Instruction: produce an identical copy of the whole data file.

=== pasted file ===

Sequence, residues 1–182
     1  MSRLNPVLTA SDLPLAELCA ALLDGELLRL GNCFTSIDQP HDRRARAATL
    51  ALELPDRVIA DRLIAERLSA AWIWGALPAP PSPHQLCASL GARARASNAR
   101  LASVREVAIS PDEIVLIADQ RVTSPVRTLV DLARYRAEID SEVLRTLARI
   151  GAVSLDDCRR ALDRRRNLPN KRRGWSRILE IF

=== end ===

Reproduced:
Sequence, residues 1–182
     1  MSRLNPVLTA SDLPLAELCA ALLDGELLRL GNCFTSIDQP HDRRARAATL
    51  ALELPDRVIA DRLIAERLSA AWIWGALPAP PSPHQLCASL GARARASNAR
   101  LASVREVAIS PDEIVLIADQ RVTSPVRTLV DLARYRAEID SEVLRTLARI
   151  GAVSLDDCRR ALDRRRNLPN KRRGWSRILE IF